Great views across to Ben Nevis from Mullach nan Coirean

The ascent of Mullach nan Coirean’s northern ridge was arduous, not just because of the day before but also because the sun made it quite hot work. We were pleased to find a well-made paved path (described by Laura as “cute” in reference to it looking a bit like a garden path!) weaving its way up through the forest at the base of the ridge – this certainly made things easier going.

As I thought might be the case, as soon as we reached the summit plateau, we were faced with a bitterly cold wind. We didn’t hang around too long – just long enough to take a few photos and grab a bite to eat. Jim described it as one, if not the, coldest day this winter, and I’d be inclined to agree. The weather closed in slightly as we traversed the ridge to Stob Ban, but fortunately the views still remained when we reached the summit.

Stob Ban’s northern ridge

One of the main reasons for doing this walk, for myself at least, was Stob Ban’s northern ridge. Jim, Calum and myself had been over it almost exactly a year ago, in the pouring rain and with zero visibility. Even then, we got a good sense of exposure and I made a mental note to myself that I must do it again in good weather. The ridge starts with a narrow exposed section with a little bit of scrambling, before descending steeply over a number of tricky rock steps. Last time, we found it awkward and time consuming as the rain had made the ridge very slippy, but this time everything was frozen and with crampons on it felt much easier. One of the aforementioned rock steps had a bit of ab tat (a piece of rope tied around a rock left behind by someone to abseil off) and so I thought I’d test out the club’s new scrambling rope that I dragged around the walk with me, and also practice South African abseiling before my Mountain Leader Assessment in a few weeks.

Looking back on Stob Ban from the ridge

It started snowing quite heavily on the way down, leaving a good thick layer on the already-frozen ground, which was quite lethal. Added to that the fact that we were a bit behind schedule and so making a fast descent, this resulted in numerous falling overs, including a quite comical one where Calum seemed to end up facing completely the wrong direction.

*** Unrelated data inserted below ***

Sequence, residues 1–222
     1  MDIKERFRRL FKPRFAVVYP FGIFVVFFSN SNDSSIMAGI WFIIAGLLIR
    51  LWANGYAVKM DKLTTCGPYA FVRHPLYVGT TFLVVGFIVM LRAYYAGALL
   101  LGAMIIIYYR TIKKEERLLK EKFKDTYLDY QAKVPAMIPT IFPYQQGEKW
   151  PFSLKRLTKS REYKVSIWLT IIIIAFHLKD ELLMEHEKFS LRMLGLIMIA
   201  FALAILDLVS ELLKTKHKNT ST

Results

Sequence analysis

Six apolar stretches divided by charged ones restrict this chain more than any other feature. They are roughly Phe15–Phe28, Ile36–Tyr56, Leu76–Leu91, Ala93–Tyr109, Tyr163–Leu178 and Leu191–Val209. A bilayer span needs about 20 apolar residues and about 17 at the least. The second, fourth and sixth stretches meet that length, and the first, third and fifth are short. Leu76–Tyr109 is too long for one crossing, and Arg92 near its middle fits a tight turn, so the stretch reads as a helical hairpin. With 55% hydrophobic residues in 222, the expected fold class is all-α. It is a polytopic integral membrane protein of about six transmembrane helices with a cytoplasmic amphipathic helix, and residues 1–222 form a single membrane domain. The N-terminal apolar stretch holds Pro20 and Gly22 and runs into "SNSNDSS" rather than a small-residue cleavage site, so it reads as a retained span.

The drive home was quite eventful as well, and at times we were in a complete white-out on the motorway – something I’ve never experienced before (and don’t wish to experience again!).

A weekend in Glen Nevis and a day on the CMD Arete

I’ve been waiting to climb Ben Nevis for years now and I finally got my chance this weekend with the Hiking Club’s trip up to Steall Hut in Glen Nevis. The hut itself is owned by Lochaber Mountaineering Club and is a rather basic cottage, boasting gas and running (cold) water but not much else. Apparently they had a generator but it got stolen a number of years ago. It’s the perfect kind of place for me, in a beautiful location a few miles walk up the glen from the end of the road and across the river by a wire bridge. I think I may have fallen in love with the place.

The wire bridge

The wire bridge. Crossing it upside down is optional!

Steall Hut

Steall Hut in Glen Nevis

The journey to Scotland wasn’t without incident. We had particularly high winds and the going was very slow up the M6 and M74 – down to 40mph in places. The amount of cars pulled over on the hard shoulder because of the winds was unbelievable. Because of this we didn’t get to the hut until 2 am and weren’t in bed until 3 am after settling in and having a wee dram of whiskey.

Day One

Up early-ish the next morning to see a noticeable change for the better in the weather. The wind had died down and the rain had disappeared, which was good as the plan was to ascend Ben Nevis via the CMD Arete – a route that I didn’t fancy in the howling winds of the night before!